Growing for the future

Laura Creen

25 November 2010

In her second year of the Soil Association Organic Apprenticeship scheme, Laura Creen explains what drove her to the scheme, and what her hopes and amibtions for the future are.

In her second year of the Soil Association Organic Apprenticeship scheme, Laura Creen explains what drove her to the scheme, and what her hopes and amibtions for the future are.

After an August weekend spent in west Wales with 17 other organic apprentices, I came back buzzing with dreams for the future. It is like this every time we get together: we meet at different farms, sometimes with our Soil Association organisers, and after a farm walk and conversations with other growers, the ideas on what I might do with my new found skills at the end of this apprenticeship just whir out of control.

I joined the Soil Association Organic Apprenticeship Scheme a year and a half ago in March 2009 and will complete the two-year scheme in February 2011. It was an interesting journey that led me to this apprenticeship, a journey that started half a world away. I am a Canadian who left home 10 years ago, travelled through Canada and then further afield in Europe, Australia and the many tropical islands in between. For five of those years I worked on traditional wooden square rigged ships to earn my keep. Sailing the oceans, I quickly learned to embrace the vagaries of the weather, which comes in quite handy now I work as a grower. On the ships I worked with my hands and felt satisfaction at the end of a day, spent, covered in tar – the same satisfaction I now feel when I end the day covered in mud.

After years living the itinerant lifestyle, I grew tired of packing and unpacking and of saying goodbye to so many friends. For two years I had happily sailed with my British boyfriend, but we both realised that if we continued sailing we would soon need to separate to find work on different ships. I had the skills of a 19th century sailor – but what use could I be on land?

Arriving in England for Christmas 2008 to look for land-based jobs, we soon found out how bad the recession was. The job market was dreary and we hunted for the few opportunities that were available. When I started to search the internet for apprenticeships I found the Soil Association webpage, which provided full details of their Organic Apprenticeship Scheme.

The Organic Apprenticeship Scheme currently costs the apprentice £1,600 a year to join. Apprentices work full time on a chosen host farm and are paid the minimum wage, spending an hour each week with a mentor and attending seminars (led by master growers) for one weekend every month over the winter period. Like the move from suburban living to sailing square riggers, this was a huge leap that made little sense to anyone else. But it felt so right in my gut that I responded immediately. I had never grown a vegetable but knew our food system promoted a disconnection from the land which I was ready to tackle. Only a year later would I begin to try to untangle the path that led me here.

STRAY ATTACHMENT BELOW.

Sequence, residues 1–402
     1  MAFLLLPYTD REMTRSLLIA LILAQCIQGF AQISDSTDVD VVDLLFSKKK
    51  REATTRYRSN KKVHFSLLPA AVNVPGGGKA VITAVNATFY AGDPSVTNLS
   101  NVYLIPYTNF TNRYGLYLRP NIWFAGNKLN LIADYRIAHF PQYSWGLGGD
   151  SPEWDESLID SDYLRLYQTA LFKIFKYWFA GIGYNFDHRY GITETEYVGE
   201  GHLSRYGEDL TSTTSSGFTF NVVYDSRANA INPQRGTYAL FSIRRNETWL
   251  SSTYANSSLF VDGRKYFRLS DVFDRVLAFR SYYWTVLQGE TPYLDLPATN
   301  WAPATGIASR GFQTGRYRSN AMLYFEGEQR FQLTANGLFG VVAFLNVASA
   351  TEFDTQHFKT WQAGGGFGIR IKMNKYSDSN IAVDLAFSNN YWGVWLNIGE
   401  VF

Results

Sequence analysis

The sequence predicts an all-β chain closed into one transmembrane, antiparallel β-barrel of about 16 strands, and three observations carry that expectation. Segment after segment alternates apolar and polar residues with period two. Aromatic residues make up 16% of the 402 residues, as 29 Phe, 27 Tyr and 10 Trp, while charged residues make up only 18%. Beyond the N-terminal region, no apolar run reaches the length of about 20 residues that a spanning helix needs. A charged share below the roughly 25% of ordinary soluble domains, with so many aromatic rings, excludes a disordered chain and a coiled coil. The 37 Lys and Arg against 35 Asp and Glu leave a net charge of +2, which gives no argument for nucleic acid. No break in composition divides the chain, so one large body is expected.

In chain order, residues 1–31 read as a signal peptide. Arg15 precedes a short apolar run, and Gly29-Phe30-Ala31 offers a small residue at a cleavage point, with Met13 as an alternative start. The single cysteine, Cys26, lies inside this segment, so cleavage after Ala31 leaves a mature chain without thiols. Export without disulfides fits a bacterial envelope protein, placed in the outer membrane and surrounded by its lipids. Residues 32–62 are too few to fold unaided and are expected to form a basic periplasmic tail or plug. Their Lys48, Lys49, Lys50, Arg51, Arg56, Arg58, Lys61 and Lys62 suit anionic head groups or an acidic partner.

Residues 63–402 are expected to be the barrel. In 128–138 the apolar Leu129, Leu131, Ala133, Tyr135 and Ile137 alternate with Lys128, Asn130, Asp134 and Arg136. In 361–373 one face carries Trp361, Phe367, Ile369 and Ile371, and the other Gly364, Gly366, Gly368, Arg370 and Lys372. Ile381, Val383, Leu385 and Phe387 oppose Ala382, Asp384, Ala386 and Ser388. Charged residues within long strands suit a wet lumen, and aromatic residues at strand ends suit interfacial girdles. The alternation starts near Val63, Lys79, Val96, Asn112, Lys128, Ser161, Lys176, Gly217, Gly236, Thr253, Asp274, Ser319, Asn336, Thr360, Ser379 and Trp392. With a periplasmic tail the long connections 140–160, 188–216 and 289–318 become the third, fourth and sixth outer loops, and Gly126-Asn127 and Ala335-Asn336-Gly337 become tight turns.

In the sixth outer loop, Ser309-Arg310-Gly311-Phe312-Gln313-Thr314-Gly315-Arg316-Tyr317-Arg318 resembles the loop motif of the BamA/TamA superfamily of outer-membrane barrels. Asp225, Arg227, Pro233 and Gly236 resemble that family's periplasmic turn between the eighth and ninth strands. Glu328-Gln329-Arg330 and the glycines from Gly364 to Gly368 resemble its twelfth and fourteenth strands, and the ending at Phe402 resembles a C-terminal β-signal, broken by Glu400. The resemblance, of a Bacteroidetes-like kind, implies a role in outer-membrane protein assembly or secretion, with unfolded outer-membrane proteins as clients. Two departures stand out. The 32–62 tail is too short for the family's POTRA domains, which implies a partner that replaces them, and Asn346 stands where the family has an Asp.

The suburbs were a safe place to grow up, with a lawn in the front and one at the back with a crab apple tree whose apples dropped neglected each autumn. We had a stubborn rhubarb plant that grew next to the concrete of the house but no one ever thought to use it in the kitchen. Food came from the supermarket, wrapped in plastic or packed in boxes. It was all a mystery: approaching adulthood it felt strange to have been forcibly taught so many things, yet left clueless as to where our food came from.

Sailing in the South Pacific and visiting the islands I learned that raw, fresh food was precious. With no means to refrigerate – and daily temperatures of at least 30 degrees Celsius – food had to be eaten quickly or it would soon be thrown to the chickens. Island villages all grew food to supplement the goods shipped in once a month. One village had to move their subsistence garden a hard hour’s walk away after a hurricane destroyed the original site. There were chickens left to wander, pigs left to forage and perhaps a goat or two; everything was small scale and they could afford to waste nothing. The effort involved in obtaining food shocked me and made me wonder about all the plastic wrapped food in the supermarkets back home. Where did it all come from? And if fresh food was such a precious commodity, why were we wasting so much of it?

While looking for work here in the UK, I lived with my boyfriend and his parents. Every week an organic vegetable box arrived at the front door and often there was a new vegetable I’d never seen or eaten before. Since then, I’ve grilled any North American friends, asking things like “did you know about kale?”, to which some would answer “yes” and some “no”. With six mouths to feed in my family, and both parents in full time employment, there was little energy left to cook from scratch. Vegetables would quickly wilt in our refrigerator after their long journey to it, and I thought they were a waste of money.

But when I found the apprenticeship scheme I was ready to change the way I related to food. I had eaten food without chemicals in the South Pacific and now felt it ridiculous to think we need them when humankind had done without for so long. I tasted so many new vegetables in my first months as an apprentice. I would learn the name for a new salad leaf while I was harvesting it – ‘Green in the Snow’ – what a fabulous name, and then I tasted it: Kapow! I never knew that leaves could taste like mustard! I never knew how sweet asparagus would be when it was fresh off the plot. I came home and cooked with these amazing new vegetables and, in time, I began to feel the seasonality of our meals. I rejoice in eating seasonally: there’s nothing as special as welcoming autumn with open arms upon the arrival of our first root vegetable stew.